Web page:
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No Room for The Dead

No Room for The Dead – Craig O Reilly reports on renewed efforts to save the house from one of Joyce’s most famous works

Protests have been underway to stop the house featured in James Joyce’s famous story “the
dead” from being turned into a hostel. It was originally owned by Joyce’s great aunt who ran it
as a music school. Located at 15 Usher’s Island, Dublin city centre, a number of protestors
including writers and actors have criticised the move, which could deprive Dublin of a place of
important cultural significance.

Every year people gather on Bloomsday to follow the trail around Dublin of Leopold Bloom, the
main character from Joyce’s famous novel Ulysses. The first recorded activity of this was in
1954, and ever since it has become a huge cultural event with programs every year dedicated
to Joyce’s work.

The Dead is probably one of his most popular stories. The setting it takes place in is described
as “the dark, gaunt house on Usher’s island”, suggesting elements of horror.
Like Sweny’s pharmacy, the house has been host to people who’ve come to read scenes from
Joyce’s writing over the years. It was bought by Brendan Kilty in 2000 after a fire nearly
destroyed it in the 90s.

One of the scenes that would have been re-enacted there is the dinner speech, where the main
character Gabriel launches a thinly veiled attack on the new generation of Irish people, it is this
situation however, which leads Gabriel to an “epiphany”, a moment of clarity that shows him
who he really is. For James Joyce, this meant leaving Ireland to become an exile; he found he
could only really see it clearly from a distance, but every street corner, and every small detail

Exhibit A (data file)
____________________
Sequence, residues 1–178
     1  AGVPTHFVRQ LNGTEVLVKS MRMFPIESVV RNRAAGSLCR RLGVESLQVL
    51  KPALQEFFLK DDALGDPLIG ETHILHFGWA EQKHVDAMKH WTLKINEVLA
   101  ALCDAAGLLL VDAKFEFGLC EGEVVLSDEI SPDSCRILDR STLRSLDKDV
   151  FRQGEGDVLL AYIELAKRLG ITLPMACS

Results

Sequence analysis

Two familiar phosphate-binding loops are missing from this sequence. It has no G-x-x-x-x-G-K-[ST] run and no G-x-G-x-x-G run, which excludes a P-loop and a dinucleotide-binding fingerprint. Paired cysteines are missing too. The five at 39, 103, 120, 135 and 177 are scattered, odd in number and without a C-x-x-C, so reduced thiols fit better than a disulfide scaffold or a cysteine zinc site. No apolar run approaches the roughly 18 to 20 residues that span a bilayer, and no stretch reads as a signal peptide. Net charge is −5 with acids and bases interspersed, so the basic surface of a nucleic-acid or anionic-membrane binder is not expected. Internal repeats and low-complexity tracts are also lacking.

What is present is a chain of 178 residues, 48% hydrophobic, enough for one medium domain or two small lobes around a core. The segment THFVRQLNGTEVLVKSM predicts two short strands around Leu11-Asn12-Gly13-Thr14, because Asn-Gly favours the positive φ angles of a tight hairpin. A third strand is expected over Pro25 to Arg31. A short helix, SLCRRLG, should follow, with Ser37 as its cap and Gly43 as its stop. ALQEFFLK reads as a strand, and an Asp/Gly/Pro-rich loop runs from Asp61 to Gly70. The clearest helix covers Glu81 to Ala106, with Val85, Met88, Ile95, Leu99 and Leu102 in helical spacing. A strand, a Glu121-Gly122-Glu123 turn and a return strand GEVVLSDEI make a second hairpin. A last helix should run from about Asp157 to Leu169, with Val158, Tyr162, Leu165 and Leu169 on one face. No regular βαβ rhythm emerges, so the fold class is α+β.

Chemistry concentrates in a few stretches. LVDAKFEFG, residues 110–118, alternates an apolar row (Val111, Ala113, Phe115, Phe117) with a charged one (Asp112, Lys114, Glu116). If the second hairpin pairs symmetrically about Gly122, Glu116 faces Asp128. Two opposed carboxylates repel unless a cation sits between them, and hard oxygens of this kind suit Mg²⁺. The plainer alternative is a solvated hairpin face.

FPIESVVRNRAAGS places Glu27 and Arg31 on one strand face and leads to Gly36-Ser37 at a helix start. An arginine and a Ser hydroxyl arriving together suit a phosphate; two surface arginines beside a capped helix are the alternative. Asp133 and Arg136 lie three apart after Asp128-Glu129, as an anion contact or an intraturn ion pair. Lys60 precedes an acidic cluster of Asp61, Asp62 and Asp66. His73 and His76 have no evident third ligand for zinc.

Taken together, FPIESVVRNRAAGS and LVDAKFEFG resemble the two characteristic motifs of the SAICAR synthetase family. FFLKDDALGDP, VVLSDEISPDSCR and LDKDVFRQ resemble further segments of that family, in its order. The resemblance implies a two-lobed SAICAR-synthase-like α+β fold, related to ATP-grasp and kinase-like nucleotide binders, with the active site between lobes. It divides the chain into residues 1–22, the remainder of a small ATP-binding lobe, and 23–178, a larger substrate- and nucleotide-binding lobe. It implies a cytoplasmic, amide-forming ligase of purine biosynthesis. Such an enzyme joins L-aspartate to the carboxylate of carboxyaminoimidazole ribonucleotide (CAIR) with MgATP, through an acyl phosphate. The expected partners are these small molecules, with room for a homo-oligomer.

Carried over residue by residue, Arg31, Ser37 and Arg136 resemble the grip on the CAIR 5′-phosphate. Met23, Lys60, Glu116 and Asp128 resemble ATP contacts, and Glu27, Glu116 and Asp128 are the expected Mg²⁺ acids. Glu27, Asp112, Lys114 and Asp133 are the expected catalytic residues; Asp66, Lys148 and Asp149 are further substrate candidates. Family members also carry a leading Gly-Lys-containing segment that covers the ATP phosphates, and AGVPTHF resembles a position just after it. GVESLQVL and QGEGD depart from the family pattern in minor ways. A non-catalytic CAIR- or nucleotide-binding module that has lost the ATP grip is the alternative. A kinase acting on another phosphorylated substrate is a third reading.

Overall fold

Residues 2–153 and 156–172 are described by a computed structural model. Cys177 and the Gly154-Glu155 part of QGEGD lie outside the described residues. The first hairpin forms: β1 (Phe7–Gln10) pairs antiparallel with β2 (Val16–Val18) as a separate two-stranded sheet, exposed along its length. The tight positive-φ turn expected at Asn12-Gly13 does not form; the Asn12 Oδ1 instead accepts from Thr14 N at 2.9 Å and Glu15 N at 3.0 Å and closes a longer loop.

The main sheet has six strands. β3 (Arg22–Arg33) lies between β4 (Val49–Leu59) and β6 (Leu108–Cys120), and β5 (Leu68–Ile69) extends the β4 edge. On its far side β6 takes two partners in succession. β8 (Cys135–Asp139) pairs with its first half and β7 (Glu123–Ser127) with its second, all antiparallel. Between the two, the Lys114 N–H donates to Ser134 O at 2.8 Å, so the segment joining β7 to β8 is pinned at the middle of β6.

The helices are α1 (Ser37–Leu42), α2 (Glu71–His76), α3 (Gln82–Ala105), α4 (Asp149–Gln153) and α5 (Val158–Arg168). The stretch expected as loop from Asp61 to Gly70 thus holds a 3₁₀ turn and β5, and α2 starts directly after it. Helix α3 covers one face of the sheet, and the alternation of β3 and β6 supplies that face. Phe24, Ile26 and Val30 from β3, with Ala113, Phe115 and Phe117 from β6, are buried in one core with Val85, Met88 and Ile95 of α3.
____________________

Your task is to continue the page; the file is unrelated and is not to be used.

informed his work.

The house was also filmed for John Houston’s film version of The Dead in 1987. Speaking to
the Sunday Independent, Colm Tobín stressed that the move to turn the building into a hostel
was “a wake-up call to the nation to say we have a piece of treasure, let’s not regret it in 50
years time when people ask how we let this happen”.
Others have come out in support of preserving the building including writer John Banville, and
actor Stephen Rae.

The house was built by Joshua Pim in the late 18th century and is part of the historical character
of the street along with houses 12 and 14.
So far, a petition on has almost garnered 5000 signatures, and goes into some of
the alternatives people would like to see, such as turning it into a museum to celebrate James

It laments a lack of acknowledgement for the arts in Ireland that can at times verge on
contempt. James Joyce is not just a local phenomenon, where academics meet up to show their
enjoyment of his work, but rather his stories are famous all over the world.

It’s important to realise that 80 years after his death, interest in his work is only growing. Any
tourism industry in the future should really harness Dublin’s literary history, and it’s history in
general, unless it is to become an un-distinguishable zone people pass through to go to the
same shops and facilities, with the same interchangeable brands and logos seen ubiquitously
everywhere else. Ireland is not a country which has vast material resources, it’s true value has always been it’s people, and how they imbue the places around them with significance, often in poems and
stories. Any short-term gain in terms of developments now must surely be weighed against the
character of the city that more and more, a significant section of the public feel is vanishing.

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